Conscience: What does it tell us?

Jeff Cook’s series on arguments for God continues with this reflection on conscience. What does the argument for conscience do for you?

We are quickly approaching the half way point. This is an argument from Peter Kreeft. Both Aquinas and Aristotle use the style here, and it’s a helpful framework for those arguing for God’s existence: placing the known possibilities up, knocking down all the contenders save God, and then conclude that if there are no other possible sources for something like morality or the origin of the universe or the universality of logical laws—then the only option we have is a being like God.

  1. It’s never right to disobey your own conscience.
  2. There are only four possible sources of the conscience:
    1. From something less than me (nature)
    2. From me (the individual)
    3. From others equal to me (my society)
    4. From something transcendent
  3. I cannot be absolutely obligated by something less than me—for example, by animal instinct or the chemical reactions in my skull (~2a).
  4. I cannot obligate myself absolutely, for I do not have the right to demand absolute obedience from any human being, even myself. (And if I am the one who locked myself in this prison of obligation, I can certainly let myself out, thus destroying the absoluteness of the obligation.) (~2b).
  5. My society cannot absolutely obligate me. (How do my equals establish a right to impose their values on me?) (~2c)
  6. The only source of absolute moral obligation left is something transcendent, and this transcendent source of moral obligation we call “God”.

If 1 and 6, then God exists.

Again, one can deny the first premise and the argument fails (which depending on who you are may not be difficult). You can be skeptical of premise 2 and say, “There may be other unknown possibilities,” but such is a step into blind conjecture. You may say the combination of nature, myself and my society collectively together have more authority than they do individually, but certainly nature, society and I will often differ on what is good (natural selection can be pro-genocide for example). Perhaps you think “reason” can discover moral truths, but this begs the question of why I “ought” to obey reason—should I obey reason for rational reasons (which is circular) or because of something else?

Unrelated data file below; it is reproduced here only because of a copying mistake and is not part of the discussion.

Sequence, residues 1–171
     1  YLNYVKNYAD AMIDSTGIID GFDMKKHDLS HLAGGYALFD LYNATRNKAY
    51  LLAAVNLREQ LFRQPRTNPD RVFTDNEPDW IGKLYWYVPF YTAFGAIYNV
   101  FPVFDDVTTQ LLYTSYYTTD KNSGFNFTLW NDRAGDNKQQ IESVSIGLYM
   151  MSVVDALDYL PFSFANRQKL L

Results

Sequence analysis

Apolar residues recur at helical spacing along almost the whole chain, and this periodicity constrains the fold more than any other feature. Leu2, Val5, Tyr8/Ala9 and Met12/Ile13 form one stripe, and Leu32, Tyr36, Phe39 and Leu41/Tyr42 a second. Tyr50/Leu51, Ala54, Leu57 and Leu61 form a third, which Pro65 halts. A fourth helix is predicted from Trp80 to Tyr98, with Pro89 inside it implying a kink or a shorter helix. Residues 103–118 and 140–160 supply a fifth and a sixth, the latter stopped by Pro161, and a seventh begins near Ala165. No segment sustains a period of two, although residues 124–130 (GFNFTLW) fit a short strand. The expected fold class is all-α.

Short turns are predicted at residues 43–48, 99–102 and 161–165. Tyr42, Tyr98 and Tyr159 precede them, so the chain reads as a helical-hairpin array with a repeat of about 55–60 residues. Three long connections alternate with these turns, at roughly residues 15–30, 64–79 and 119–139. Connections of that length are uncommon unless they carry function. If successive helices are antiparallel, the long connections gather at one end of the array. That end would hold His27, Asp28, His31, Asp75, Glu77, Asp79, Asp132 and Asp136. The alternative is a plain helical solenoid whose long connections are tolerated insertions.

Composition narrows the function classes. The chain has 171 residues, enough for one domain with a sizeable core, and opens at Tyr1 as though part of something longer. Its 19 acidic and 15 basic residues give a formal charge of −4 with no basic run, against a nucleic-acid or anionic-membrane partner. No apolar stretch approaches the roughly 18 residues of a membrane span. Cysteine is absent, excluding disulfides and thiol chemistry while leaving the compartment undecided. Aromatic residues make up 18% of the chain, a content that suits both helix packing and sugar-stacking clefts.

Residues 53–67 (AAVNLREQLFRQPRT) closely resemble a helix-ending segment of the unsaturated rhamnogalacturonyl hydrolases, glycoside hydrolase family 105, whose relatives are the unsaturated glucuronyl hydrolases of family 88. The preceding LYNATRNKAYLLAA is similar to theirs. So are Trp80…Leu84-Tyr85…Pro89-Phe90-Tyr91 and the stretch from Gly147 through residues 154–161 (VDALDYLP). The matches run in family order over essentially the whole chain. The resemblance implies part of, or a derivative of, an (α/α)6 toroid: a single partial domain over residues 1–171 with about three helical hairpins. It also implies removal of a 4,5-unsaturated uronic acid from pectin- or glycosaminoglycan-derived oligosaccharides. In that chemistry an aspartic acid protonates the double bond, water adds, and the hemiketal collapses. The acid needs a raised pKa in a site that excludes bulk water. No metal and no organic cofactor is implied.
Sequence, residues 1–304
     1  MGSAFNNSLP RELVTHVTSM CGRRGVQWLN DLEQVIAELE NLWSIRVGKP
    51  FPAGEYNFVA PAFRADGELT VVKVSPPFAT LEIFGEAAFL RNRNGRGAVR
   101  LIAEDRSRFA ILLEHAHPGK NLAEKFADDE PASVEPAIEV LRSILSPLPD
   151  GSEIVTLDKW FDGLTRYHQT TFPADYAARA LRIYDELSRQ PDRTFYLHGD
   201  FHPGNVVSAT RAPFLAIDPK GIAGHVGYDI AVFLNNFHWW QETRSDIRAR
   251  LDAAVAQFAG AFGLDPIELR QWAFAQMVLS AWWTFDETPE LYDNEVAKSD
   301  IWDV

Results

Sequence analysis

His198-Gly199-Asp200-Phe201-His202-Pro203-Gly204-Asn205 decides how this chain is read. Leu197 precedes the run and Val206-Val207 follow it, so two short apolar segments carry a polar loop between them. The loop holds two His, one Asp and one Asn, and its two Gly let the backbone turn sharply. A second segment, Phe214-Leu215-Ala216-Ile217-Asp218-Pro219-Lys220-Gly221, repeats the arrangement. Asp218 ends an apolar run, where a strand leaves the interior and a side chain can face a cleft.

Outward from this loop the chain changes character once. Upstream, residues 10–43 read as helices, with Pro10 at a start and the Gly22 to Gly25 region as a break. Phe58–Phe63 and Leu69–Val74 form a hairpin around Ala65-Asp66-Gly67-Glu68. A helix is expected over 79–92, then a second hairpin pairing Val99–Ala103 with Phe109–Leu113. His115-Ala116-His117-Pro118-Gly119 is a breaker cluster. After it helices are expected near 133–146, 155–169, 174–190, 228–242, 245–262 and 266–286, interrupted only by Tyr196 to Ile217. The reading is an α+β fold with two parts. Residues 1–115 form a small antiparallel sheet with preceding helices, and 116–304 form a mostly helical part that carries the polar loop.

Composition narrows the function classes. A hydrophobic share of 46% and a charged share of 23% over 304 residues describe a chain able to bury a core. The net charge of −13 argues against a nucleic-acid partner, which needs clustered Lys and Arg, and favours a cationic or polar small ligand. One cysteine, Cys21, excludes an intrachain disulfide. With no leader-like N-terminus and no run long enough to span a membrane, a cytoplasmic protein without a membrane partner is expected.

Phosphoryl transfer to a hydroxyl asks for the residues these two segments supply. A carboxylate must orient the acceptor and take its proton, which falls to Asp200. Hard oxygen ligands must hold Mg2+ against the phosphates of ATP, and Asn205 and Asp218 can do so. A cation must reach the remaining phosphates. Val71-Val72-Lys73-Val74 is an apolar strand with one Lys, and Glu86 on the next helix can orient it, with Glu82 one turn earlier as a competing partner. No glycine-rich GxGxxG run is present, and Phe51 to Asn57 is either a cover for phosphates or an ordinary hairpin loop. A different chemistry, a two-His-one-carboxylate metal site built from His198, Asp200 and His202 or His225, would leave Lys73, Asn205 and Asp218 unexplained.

Like the argument from moral truths, the argument above is easy to dismiss if you are willing to bite certain bullets, but it has real strength if you are not.

Jeff Cook teaches philosophy at the University of Northern Colorado and is the author of Everything New: One Philosopher’s Search for a God Worth Believing in. He pastors Atlas Church in Greeley, Colorado. www.everythingnew.org

About Scot McKnight

Scot McKnight is a recognized authority on the New Testament, early Christianity, and the historical Jesus. McKnight, author of more than fifty books, is the Professor of New Testament at Northern Seminary in Lombard, IL.

  • Percival

    I would certainly deny #1. Aquinas never had an understanding of how our conscience is formed by society and upbringing. There are people who feel guilty for doing what is right because their conscience has been warped.

    However, I believe that the conscience infers a morality higher than the individual and the society since human across cultures have generally the same standard of the golden rule. So it is not the conscience of the individual, but rather the human conscience in general that infers something transcendent.

  • Tim

    This is weak. If one attributes to nature (and should one be an atheist, why would this be “less” than them?), then they are obviously without absolute morality.

    But if attributing morality to sociobiological underpinnings universal to our species, one could accept a universal morality with respect to humanity.